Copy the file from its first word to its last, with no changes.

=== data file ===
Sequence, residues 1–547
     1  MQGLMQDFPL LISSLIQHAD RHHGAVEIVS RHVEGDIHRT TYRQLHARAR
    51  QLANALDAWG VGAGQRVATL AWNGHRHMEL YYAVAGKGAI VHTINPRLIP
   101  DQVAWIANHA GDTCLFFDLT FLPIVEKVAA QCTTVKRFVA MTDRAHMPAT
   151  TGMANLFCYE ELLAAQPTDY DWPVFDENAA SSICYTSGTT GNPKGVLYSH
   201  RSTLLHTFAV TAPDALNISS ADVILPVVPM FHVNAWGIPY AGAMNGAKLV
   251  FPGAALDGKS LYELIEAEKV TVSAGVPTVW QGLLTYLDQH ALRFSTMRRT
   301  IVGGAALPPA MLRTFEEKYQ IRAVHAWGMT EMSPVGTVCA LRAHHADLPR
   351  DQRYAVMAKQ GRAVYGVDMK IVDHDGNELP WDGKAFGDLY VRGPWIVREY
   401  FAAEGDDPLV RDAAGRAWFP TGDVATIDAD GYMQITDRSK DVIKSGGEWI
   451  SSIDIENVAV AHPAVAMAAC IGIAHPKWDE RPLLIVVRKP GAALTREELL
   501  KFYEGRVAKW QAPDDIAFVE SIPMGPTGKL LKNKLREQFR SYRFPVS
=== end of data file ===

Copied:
Sequence, residues 1–547
     1  MQGLMQDFPL LISSLIQHAD RHHGAVEIVS RHVEGDIHRT TYRQLHARAR
    51  QLANALDAWG VGAGQRVATL AWNGHRHMEL YYAVAGKGAI VHTINPRLIP
   101  DQVAWIANHA GDTCLFFDLT FLPIVEKVAA QCTTVKRFVA MTDRAHMPAT
   151  TGMANLFCYE ELLAAQPTDY DWPVFDENAA SSICYTSGTT GNPKGVLYSH
   201  RSTLLHTFAV TAPDALNISS ADVILPVVPM FHVNAWGIPY AGAMNGAKLV
   251  FPGAALDGKS LYELIEAEKV TVSAGVPTVW QGLLTYLDQH ALRFSTMRRT
   301  IVGGAALPPA MLRTFEEKYQ IRAVHAWGMT EMSPVGTVCA LRAHHADLPR
   351  DQRYAVMAKQ GRAVYGVDMK IVDHDGNELP WDGKAFGDLY VRGPWIVREY
   401  FAAEGDDPLV RDAAGRAWFP TGDVATIDAD GYMQITDRSK DVIKSGGEWI
   451  SSIDIENVAV AHPAVAMAAC IGIAHPKWDE RPLLIVVRKP GAALTREELL
   501  KFYEGRVAKW QAPDDIAFVE SIPMGPTGKL LKNKLREQFR SYRFPVS